• Keep trashcans and other waste receptacles in your garage or other locked or gated area.
  • Keep the area around your home or business clear of combustible material or debris.
  • Consider installing security cameras or doorbell cameras along with signs alerting people they’re being recorded.
  • Properly secure construction or other work sites by making paint, wood, construction debris or anything else combustible inaccessible.

Thielbar adds these tips:

  • Keep doors and windows locked when a building is unoccupied.
  • Board up abandoned buildings.

The U.S. Fire Administration, a part of the Federal Emergency Management Agency that organizes AAW, provides tips on preventing arson at vacant and abandoned buildings, at construction sites and in the wildland, where wildfire arson occurs.

If you live or work in a wildfire-prone area, keeping the area around your home or business clear of combustible materials will have the double benefit of helping to reduce the risk of wildfire property damage.

You can also help prevent arson by preventing children and teens from becoming arsonists. If you know of a juvenile who’s engaging in fire-setting behavior, look into the City of Seattle’s Fire Stoppers program, or a similar program near you. “Fire Stoppers is a free, confidential and voluntary program that helps juveniles learn better behavior and can be an effective prevention tool,” Perkow said.

 

A hooded person walking away from an arson fire.Arson can cause serious property damage and injury and death, but there are
many steps you can take to help prevent arson.

 

Related: 
Preserve the Summer Fun: Prevent Rooftop Deck Fires

 

What should you do if you have information about an arson?

If you see a suspected arson in progress, the first thing to do is call 911, Perkow said. “Be prepared to speak to both fire dispatchers and police dispatchers. They’ll each want different information.” Although both types of dispatchers will ask for information about where the fire is occurring, the fire dispatcher will focus more on what’s on fire: a home, a commercial building, an automobile or something else, according to Perkow. The police dispatcher will ask whether you saw someone running from the scene and, if so, for a description.

If you have information after an incident, contact the local fire department or law enforcement agency, or contact the Arson Alarm Foundation (AAF) by calling 1-800-55-ARSON (1-800-552-5566) or by visiting the AAF’s website and filling out the online form. The AAF accepts anonymous tips and offers rewards of up to $10,000 for information that helps solve an arson. WSRB is a proud sponsor of the AAF.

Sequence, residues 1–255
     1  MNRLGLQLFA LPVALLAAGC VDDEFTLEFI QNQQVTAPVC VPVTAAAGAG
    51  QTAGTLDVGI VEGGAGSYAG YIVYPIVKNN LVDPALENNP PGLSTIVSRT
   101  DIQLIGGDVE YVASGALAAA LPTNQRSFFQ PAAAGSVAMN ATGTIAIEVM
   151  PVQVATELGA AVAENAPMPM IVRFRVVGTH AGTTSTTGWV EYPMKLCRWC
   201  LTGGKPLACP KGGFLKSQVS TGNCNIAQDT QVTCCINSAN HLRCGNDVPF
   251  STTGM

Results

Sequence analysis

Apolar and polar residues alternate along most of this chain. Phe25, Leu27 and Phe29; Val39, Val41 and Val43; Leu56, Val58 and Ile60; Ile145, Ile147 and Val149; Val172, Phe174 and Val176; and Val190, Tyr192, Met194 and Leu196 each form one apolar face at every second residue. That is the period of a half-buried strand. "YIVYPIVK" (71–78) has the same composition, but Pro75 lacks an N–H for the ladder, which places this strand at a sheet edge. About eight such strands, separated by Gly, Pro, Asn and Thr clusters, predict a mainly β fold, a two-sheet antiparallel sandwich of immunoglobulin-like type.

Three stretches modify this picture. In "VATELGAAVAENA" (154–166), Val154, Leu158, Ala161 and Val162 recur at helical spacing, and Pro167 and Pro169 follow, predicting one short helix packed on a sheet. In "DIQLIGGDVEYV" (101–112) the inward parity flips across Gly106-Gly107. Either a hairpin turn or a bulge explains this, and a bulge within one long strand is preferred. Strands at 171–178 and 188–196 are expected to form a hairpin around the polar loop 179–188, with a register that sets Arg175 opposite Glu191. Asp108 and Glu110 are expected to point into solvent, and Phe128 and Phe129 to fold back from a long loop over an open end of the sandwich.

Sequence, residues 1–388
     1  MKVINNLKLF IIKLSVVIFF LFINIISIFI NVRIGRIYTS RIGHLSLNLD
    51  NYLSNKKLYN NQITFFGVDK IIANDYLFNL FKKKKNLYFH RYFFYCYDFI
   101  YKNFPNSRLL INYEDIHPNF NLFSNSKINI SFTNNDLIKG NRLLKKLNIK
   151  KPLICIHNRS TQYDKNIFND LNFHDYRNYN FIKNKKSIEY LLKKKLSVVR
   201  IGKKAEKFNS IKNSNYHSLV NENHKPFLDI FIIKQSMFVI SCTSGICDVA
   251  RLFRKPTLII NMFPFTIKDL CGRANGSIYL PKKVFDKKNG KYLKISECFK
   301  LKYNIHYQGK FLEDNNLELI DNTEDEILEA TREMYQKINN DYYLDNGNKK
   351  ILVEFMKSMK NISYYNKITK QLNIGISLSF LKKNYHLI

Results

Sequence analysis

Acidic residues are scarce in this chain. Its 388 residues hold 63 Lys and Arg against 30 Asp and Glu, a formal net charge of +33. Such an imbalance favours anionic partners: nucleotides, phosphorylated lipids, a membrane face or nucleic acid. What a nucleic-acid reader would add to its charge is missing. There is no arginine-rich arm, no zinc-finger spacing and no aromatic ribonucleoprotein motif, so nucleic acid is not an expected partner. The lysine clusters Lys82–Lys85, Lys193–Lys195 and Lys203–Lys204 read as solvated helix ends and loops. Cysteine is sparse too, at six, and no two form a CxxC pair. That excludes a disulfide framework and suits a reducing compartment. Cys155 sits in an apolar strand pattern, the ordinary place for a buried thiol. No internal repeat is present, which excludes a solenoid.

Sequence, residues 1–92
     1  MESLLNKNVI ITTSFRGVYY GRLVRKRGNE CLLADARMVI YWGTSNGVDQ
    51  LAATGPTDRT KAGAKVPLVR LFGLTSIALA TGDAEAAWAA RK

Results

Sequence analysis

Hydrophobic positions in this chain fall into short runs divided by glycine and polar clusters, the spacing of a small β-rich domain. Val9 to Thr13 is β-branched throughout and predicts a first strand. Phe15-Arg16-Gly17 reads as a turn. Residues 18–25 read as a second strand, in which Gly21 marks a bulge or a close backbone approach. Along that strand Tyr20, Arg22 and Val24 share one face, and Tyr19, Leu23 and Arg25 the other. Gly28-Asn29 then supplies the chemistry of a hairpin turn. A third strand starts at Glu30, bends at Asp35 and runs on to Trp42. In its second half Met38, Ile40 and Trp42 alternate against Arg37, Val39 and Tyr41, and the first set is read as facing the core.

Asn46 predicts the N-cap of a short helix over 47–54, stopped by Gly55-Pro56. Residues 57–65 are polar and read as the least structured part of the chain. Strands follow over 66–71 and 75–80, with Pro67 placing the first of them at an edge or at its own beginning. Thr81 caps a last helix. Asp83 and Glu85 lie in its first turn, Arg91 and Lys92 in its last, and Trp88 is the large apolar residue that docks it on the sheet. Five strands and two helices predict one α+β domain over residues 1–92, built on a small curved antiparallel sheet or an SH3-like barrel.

“You will be completely anonymous and can report information you have about a suspicious fire,” Thielbar said. “Please do the right thing and report arson fires to us or to your local fire and police departments.”

To learn more about AAW and download educational materials, visit the U.S. Fire Administration’s AAW website.


[1] FBI, https://ucr.fbi.gov/crime-in-the-u.s/2019/crime-in-the-u.s.-2019/topic-pages/arson

[2] FBI, https://ucr.fbi.gov/crime-in-the-u.s/2019/crime-in-the-u.s.-2019/tables/table-12

[3] Washington State Statistical Analysis Center, https://sac.ofm.wa.gov/data

[4] FBI, https://ucr.fbi.gov/crime-in-the-u.s/2019/crime-in-the-u.s.-2019/tables/arson-table-2.xls

[5] FBI, https://ucr.fbi.gov/crime-in-the-u.s/2019/crime-in-the-u.s.-2019/tables/arson-table-2.xls

[6] National Fire Protection Association, https://www.nfpa.org//-/media/Files/News-and-Research/Fire-statistics-and-reports/US-Fire-Problem/Fire-causes/osintentional.pdf 

[7] National Fire Protection Association, https://www.nfpa.org//-/media/Files/News-and-Research/Fire-statistics-and-reports/US-Fire-Problem/Fire-causes/osintentional.pdf

Robert Ferrell, P.E. is WSRB’s Vice President of Public Protection. He leads the team that manages the insurance rating of cities, fire districts and building departments throughout Washington state. He has more than 25 years of experience in fire insurance rating.